Times Report on Grandparents
At the Oxford Institute of Ageing, several studies have been undertaken on the pressures being levied on men and particularly women in their fifties and sixties in Britain's new multigenerational families. One study of 1,000 single mothers showed that, while 75 per cent of grandmothers had provided supplementary childcare for their grandchildren, very few wanted to do this full time or do more than pick them up after school, give them supper and oversee homework.
The problem, according to Professor Sarah Harper, who carried out the research, is that, as the Government emphasises that more care should be made available in the community, the family is again hit. Women in their fifties who want to remain in the labour market are being increasingly pulled in two directions, to look after their grandchildren and parents.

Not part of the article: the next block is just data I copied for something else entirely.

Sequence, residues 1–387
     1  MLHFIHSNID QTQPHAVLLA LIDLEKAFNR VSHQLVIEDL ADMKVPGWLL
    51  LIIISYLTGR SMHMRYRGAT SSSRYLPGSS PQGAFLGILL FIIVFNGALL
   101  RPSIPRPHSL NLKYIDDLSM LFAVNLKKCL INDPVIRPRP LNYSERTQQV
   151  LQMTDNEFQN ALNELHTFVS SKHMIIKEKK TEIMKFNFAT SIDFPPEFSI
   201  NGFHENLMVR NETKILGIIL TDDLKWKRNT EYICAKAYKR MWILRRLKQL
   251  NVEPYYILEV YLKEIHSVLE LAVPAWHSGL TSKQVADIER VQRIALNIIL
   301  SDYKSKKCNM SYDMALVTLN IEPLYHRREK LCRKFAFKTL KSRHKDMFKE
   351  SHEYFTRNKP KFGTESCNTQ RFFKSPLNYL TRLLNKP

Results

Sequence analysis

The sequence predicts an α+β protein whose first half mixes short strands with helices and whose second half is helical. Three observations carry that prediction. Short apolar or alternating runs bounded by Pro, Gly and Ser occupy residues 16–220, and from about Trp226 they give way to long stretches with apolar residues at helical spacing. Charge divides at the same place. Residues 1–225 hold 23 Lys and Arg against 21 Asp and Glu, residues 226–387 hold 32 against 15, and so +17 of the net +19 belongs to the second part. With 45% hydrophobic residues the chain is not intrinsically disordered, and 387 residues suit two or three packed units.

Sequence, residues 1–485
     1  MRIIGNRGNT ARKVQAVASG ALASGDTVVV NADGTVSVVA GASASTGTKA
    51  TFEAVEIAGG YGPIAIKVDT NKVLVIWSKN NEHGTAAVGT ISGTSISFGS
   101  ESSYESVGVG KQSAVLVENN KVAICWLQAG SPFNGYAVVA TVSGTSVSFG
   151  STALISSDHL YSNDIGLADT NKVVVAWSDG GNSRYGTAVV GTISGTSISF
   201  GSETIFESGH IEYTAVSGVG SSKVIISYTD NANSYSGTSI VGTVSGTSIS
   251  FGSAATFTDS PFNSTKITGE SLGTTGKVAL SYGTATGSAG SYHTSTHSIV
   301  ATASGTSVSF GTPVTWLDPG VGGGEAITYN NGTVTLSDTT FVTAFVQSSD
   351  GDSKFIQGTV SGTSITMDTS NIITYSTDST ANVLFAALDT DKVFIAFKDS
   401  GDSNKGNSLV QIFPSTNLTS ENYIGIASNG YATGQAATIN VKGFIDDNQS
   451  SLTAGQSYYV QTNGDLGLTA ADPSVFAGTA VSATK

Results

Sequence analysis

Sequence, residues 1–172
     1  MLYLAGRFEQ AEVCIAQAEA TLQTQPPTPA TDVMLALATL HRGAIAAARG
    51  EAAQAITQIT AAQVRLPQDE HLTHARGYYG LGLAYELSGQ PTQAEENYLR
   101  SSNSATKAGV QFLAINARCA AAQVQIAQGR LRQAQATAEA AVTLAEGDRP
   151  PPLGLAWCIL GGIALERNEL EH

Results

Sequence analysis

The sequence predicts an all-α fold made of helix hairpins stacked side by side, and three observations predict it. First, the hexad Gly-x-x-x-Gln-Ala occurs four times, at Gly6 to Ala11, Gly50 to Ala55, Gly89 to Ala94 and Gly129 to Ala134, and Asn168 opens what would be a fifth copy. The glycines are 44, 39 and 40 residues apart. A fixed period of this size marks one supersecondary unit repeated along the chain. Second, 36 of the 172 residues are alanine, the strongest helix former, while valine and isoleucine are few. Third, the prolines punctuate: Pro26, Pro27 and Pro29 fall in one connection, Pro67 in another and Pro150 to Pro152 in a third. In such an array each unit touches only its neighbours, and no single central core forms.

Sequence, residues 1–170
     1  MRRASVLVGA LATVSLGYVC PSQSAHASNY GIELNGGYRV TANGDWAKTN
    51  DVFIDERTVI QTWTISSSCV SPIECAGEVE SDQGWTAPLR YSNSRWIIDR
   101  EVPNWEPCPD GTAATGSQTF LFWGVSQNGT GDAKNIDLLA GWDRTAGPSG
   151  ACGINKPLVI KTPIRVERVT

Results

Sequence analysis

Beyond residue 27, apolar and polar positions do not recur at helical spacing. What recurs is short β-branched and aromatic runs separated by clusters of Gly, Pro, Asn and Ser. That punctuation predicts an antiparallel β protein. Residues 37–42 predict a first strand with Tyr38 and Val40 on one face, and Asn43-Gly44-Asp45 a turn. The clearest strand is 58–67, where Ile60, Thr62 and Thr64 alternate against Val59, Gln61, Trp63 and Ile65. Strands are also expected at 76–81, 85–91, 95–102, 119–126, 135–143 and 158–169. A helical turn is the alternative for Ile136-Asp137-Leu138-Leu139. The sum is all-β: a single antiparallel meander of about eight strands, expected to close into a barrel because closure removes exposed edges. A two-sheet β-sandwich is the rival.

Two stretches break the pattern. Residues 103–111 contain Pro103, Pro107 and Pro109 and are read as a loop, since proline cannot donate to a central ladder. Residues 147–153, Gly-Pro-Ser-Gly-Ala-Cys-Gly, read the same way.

“It's difficult to say we're reaching crisis point, because people are very adaptable,” says Professor Harper. “But last year, we found in our study, The Future of Retirement, that people aged 60 to 79 years were contributing around £4 billion a year in voluntary work - and saving the country between £11 billion and £50 billion by looking after their families.
“Given the pensions crisis, these people often need to stay in the labour market to provide for their retirement, so the balance between work and care is becoming a real work-life question.”